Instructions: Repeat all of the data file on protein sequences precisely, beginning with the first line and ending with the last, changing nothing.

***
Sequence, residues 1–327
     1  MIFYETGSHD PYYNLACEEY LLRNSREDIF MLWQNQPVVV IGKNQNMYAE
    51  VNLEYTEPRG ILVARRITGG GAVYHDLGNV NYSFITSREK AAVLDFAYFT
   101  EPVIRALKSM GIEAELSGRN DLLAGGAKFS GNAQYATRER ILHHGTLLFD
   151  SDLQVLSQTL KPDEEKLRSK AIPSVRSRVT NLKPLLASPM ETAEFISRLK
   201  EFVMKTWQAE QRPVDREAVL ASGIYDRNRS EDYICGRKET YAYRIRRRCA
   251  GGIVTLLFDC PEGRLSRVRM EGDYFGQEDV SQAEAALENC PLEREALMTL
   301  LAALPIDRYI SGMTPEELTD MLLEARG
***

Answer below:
Sequence, residues 1–327
     1  MIFYETGSHD PYYNLACEEY LLRNSREDIF MLWQNQPVVV IGKNQNMYAE
    51  VNLEYTEPRG ILVARRITGG GAVYHDLGNV NYSFITSREK AAVLDFAYFT
   101  EPVIRALKSM GIEAELSGRN DLLAGGAKFS GNAQYATRER ILHHGTLLFD
   151  SDLQVLSQTL KPDEEKLRSK AIPSVRSRVT NLKPLLASPM ETAEFISRLK
   201  EFVMKTWQAE QRPVDREAVL ASGIYDRNRS EDYICGRKET YAYRIRRRCA
   251  GGIVTLLFDC PEGRLSRVRM EGDYFGQEDV SQAEAALENC PLEREALMTL
   301  LAALPIDRYI SGMTPEELTD MLLEARG